Words: Mike Rose 

Photos: Nathan Hughes 

Round 2 of this year’s Downhill World Cup series visited the new venue of Bielsko-Biala in Poland. Riders knew nothing about this new stop or the track they would be racing on. Most had seen the somewhat notorious head-cam footage, and the initial opinions were a little mixed, expectations seemed low. But never judge a track by its head-cam, the reality was that it was loved by all. 

A mix of new school jumps and berms, intermingled with fresh sections that turned into ‘pure downhill’ once they had the first hundred or so bike tires through them. It cut-up nicely, roots, rocks and holes appearing. Good stuff. It was epic. Technically and physically demanding, it was a true test. Throw into the mix a few rain storms and you had a proper challenge. Bone dry and dusty one minute, drowned-out and muddy the next. Riders were constantly battling decisions on tire choice, suspension set up, lines, googles, etc. With the new track and the new qualifying, semis and finals timetable it was a busy few days of puzzling things out.

Qualifying and semis took place on Saturday (just quali for Juniors) with finals on Sunday. All the categories are so tight and competitive these days that just qualifying for the main event is an achievement in itself. Lots of big names fell by the wayside on Saturday. And so it was for many of the INTENSE Factory Racing (IFR) and MS-INTENSE-Racing (MS) team riders.

Judging the pace and the speed of the track in the ever changing conditions was a skill in itself. Some went too slow and missed out, others went too fast and went down. Joe Breeden and Tuhoto Ariki both missed out on a semi final place, Joe agonizingly by just 0.071 of a second. Just how hard is it to qualify? Well there were 17 riders all on the same second!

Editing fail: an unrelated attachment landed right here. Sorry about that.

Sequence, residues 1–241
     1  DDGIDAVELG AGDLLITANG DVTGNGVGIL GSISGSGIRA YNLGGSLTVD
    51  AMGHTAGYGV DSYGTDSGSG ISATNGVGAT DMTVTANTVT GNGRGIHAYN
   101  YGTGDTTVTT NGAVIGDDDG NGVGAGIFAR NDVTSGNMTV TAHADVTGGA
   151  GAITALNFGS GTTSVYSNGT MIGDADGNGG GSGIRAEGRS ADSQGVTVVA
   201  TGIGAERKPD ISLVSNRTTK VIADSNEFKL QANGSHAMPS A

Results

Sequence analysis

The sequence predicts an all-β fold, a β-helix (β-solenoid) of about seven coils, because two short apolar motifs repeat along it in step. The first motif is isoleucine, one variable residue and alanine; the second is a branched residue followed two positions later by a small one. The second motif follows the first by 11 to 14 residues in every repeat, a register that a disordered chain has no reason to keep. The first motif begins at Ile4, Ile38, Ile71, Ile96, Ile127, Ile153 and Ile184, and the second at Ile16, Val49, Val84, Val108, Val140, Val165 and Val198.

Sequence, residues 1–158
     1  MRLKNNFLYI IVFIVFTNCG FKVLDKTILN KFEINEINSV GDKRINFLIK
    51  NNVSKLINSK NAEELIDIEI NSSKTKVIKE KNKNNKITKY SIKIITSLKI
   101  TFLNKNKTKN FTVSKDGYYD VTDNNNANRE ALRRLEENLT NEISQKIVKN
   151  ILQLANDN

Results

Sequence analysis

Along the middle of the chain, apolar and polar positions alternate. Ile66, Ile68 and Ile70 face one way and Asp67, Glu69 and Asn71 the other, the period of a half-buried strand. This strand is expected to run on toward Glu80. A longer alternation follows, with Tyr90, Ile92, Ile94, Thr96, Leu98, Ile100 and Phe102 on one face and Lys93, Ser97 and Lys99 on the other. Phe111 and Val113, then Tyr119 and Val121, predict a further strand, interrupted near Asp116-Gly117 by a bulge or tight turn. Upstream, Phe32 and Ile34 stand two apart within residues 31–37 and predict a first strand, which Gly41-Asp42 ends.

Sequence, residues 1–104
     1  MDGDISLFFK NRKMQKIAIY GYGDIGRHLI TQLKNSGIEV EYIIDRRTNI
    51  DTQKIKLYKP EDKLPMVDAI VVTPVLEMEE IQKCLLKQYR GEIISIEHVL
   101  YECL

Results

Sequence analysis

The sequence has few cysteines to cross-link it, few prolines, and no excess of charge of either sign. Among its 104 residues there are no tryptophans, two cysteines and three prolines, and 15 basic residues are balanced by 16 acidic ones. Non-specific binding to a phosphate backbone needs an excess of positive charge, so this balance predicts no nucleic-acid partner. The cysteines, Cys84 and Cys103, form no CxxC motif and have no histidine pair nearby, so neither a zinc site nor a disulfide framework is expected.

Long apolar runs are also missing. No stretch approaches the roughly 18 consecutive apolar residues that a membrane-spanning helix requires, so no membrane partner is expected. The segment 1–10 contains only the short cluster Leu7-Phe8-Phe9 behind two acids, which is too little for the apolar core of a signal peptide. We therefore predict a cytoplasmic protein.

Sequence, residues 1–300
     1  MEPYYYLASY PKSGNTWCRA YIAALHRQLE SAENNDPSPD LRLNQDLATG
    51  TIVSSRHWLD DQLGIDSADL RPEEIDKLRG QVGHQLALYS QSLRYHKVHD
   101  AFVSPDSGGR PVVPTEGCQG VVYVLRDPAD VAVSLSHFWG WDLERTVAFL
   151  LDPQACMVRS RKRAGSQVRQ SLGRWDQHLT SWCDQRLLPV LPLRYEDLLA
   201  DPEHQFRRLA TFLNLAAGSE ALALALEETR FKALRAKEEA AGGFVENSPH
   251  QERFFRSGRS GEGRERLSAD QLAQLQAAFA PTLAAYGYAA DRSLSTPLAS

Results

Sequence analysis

“Despite fighting an illness all week, I felt great on the bike leading into qualifying, but became too complacent and cruised trying to save myself for the semi. Unfortunately I missed the cut. Positively I feel great on the bike, stoked with my setup, fit, healthy and fired up leading into Leogang and VDS in a couple of weeks” Joe Breeden.

Jacob Dickson slotted into 50th in qualifying, but finsihed in 43rd in the semi, missing out on a finals start (top 30 for Elite men). After her excellent 5th place in qualifying Eleonora Farina dropped down to 13th in the semi, also missing out (top 10 only for Elite women).

Ryder Lawerence finsihed in 45th in qualifying and missed out on the Junior finals, “I was struggling on this track quite a bit so I kinda chilled, which wasn’t enough to get me through.” There was some good news. Junior rider Oscar Griffiths qualified in 14th and then took 11th place in the finals. A great result for the young British rider, especially as the weather couldn't quite make its mind up what is was doing in the early part of the day when the Juniors came down. “I played it too safe with the rain, but I’m happy to get a solid result to build off.”

In the Elite women’s race Louise Fergusson had a great time. Fourth in qualifying followed up by sixth in the semi… she was in the ‘big show’. With only the top 10 women going into the final this was already a great result not only Lou, but the whole IFR team. When finals came around she admitted that she maybe played it a bit too safe, “A solid run, I need to trust myself a bit more, but I had such a good day. I was thinking a bit more, and safer… i.e. braking a bit too much. We changed my tires to dry ones, and I wasn’t sure how much to push. I’m just glad that I stayed upright!” Ninth place a whole bunch of points. Good times.

“I loved the track. The team setup was mint and I am very happy to get into finals with two solid race runs. Definitely building in the right direction and enjoying the learning process. I’ve got more to give in my finals but getting that balance of pushing and staying focused is key.” Lou Ferguson Next stop, Leogang, Austria, on the weekend of June 8-9.